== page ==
If you're a fan of sausage, the high-fat content of the links may have led you to seek out a low-fat variety. You can buy such sausages from a grocery store or from your neighborhood butcher, but if you have other concerns about the healthfulness of sausage, you should consider making your own. That's right sausage doesn't have to be manufactured in a factory.
Of course, by making your own sausage at home, you can control the ingredients, spices, and fillers.
Those on a low-fat diet can control the fat content of homemade sausage, but keep in mind that less fat will mean a dry sausage. How low fat your sausage is depends on your own unique tastes.
If you're worried that your health concerns will result in you sacrificing flavor or quality, strike a balance between the two. Maybe add a little more fat than you originally set out to do but eat less. Or make a lower fat sausage and eat more. Decide which version will meet your health needs and whet your appetite.
How to Avoid a Dry Sausage
Lower fat sausage doesn't have to mean dry sausage. You can use different methods to give lower fat sausage more moisture. For example, adding fruits, such as chopped apple or raisins will add moisture back. You may also try onions, mushrooms and other moisture-rich veggies. Even tofu will contribute more moisture to sausage links. The great thing about this method is that if there's a fruit or vegetable you really love, you can enhance the flavor of your sausage links with it.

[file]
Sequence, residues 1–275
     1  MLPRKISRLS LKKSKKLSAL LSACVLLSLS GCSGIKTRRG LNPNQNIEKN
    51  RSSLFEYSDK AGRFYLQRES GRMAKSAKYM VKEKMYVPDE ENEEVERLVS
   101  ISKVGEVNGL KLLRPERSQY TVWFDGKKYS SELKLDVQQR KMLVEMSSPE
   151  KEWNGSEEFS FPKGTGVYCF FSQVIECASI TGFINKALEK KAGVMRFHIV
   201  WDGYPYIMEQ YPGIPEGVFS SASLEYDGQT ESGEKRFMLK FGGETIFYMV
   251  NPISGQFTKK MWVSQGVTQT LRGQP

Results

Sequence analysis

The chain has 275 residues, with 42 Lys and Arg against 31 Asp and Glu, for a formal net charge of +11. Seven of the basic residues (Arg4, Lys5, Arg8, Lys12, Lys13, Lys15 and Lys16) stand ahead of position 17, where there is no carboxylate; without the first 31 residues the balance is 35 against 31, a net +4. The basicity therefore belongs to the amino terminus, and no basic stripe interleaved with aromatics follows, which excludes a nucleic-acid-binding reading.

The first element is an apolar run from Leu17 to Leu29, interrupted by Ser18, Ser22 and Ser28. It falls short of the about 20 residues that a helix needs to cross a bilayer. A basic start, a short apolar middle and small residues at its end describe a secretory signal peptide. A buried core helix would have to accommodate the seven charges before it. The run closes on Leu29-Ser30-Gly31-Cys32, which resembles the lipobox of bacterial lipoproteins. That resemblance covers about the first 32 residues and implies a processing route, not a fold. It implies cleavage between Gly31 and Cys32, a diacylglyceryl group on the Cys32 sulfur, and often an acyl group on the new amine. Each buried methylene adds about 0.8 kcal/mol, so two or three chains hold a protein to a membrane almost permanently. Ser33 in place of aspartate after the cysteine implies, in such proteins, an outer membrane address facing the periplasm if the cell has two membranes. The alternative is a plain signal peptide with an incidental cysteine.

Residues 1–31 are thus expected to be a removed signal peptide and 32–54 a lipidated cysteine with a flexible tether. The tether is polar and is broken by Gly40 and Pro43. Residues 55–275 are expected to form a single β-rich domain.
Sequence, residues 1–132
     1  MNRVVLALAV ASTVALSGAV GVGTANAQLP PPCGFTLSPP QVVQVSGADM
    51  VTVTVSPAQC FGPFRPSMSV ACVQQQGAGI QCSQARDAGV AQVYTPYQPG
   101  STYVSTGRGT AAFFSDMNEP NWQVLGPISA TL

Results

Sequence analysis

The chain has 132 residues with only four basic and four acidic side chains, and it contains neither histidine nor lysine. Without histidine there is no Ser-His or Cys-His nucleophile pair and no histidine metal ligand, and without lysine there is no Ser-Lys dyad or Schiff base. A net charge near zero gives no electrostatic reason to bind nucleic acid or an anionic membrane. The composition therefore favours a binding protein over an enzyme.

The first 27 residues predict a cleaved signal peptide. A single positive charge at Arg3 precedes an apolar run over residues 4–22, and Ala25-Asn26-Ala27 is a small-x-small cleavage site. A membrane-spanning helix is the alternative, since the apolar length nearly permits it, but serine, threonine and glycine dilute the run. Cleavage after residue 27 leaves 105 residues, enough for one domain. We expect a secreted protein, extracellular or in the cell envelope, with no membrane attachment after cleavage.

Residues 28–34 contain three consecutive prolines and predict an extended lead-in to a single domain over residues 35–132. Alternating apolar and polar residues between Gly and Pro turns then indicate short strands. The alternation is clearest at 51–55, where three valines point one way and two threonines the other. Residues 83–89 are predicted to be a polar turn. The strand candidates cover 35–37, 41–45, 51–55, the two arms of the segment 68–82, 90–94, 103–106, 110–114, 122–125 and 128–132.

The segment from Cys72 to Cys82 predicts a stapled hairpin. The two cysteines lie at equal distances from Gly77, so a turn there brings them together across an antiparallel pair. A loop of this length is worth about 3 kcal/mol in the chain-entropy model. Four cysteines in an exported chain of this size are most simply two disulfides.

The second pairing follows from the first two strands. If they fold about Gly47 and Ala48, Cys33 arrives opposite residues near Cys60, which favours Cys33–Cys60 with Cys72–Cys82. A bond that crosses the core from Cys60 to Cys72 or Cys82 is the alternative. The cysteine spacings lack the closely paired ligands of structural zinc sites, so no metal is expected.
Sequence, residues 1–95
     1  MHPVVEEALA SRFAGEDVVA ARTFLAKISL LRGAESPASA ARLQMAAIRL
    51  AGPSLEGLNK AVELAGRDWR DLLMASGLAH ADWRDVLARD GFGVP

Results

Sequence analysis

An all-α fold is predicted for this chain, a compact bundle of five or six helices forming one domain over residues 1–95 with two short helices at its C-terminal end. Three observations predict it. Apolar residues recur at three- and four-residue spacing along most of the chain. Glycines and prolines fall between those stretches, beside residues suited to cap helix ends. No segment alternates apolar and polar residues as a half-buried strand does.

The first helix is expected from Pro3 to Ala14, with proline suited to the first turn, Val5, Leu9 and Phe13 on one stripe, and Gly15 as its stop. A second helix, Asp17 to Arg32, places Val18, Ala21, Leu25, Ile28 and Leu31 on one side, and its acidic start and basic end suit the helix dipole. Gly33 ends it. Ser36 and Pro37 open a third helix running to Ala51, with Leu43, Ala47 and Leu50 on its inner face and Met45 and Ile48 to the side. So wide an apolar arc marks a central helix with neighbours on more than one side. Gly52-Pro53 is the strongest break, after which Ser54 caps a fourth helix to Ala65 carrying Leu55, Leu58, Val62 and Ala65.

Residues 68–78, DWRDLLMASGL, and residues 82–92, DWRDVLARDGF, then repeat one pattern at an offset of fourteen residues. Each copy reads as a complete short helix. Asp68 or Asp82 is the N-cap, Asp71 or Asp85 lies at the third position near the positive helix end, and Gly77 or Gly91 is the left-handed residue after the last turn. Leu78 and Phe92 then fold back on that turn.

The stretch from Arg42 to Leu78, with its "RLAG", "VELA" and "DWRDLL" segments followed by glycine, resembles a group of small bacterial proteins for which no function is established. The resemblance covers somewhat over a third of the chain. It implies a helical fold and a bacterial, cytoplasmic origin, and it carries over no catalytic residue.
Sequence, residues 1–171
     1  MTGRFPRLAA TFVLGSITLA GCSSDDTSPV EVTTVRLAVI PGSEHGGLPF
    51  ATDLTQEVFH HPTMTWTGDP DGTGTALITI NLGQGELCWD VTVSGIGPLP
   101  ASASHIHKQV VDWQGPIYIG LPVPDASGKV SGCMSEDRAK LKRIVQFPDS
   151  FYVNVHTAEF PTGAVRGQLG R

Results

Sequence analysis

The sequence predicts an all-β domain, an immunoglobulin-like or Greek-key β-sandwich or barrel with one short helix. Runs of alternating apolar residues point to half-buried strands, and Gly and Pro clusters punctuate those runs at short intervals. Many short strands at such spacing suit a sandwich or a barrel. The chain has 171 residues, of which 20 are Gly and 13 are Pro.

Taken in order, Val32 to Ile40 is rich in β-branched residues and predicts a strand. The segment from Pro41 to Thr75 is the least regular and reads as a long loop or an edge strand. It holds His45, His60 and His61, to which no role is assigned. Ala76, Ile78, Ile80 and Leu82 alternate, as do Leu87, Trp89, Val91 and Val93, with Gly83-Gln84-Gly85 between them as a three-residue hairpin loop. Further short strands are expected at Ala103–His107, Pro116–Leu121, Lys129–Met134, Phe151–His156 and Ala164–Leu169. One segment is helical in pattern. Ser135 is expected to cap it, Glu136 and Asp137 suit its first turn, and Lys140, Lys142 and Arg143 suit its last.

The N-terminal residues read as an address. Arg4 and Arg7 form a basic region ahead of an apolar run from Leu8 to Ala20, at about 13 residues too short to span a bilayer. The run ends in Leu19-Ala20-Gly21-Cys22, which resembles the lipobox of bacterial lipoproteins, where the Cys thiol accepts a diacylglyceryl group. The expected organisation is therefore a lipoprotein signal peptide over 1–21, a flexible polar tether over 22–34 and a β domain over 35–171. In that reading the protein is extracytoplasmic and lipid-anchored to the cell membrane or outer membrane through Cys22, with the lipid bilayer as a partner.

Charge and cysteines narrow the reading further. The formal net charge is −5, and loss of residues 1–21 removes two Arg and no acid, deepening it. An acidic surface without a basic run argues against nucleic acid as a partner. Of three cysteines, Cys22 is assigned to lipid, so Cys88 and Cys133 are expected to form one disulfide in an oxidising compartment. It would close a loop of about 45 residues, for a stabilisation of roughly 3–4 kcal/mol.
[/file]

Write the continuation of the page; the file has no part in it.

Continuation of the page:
Apple is an especially common fruit used in sausage making.
You can further reduce the fat content up to 20 percent without sacrificing moisture by cooking fresh sausages, draining the fat and then patting the links dry with paper towels. Using sausage in small amounts as a flavor accent instead of as a main dish will also help reduce fat in your diet, yet still let you enjoy a bit of sausage.
Consider this good news if you've been told you need to lose weight but are dreading eliminating all the foods you enjoy, such as sausage.
If you've never made sausage before, use recipes and cookbooks to help you during the process and to learn about the origins of sausage and how it's manufactured. The collection of recipes below, for instance, includes a wide variety of sausage blends along with instructions about using sausage. The important thing to remember about any recipe is that it is easily adjustable to fit the tastes and needs of your own family, so feel free to adapt any of the following recipes:
If you'd like to explore sausage making in more detail, consider reading any of the cookbooks below. Some are designed especially for cooks, like you, who prefer to make their sausage links at home. And if you've bought sausage from a grocery store, you're likely already familiar with famous cook Bruce Aidells, whose sausage is mass produced throughout the country. His books are on the list.
Bruce Aidells' Complete Sausage Book
Home Production of Quality Meats and Sausages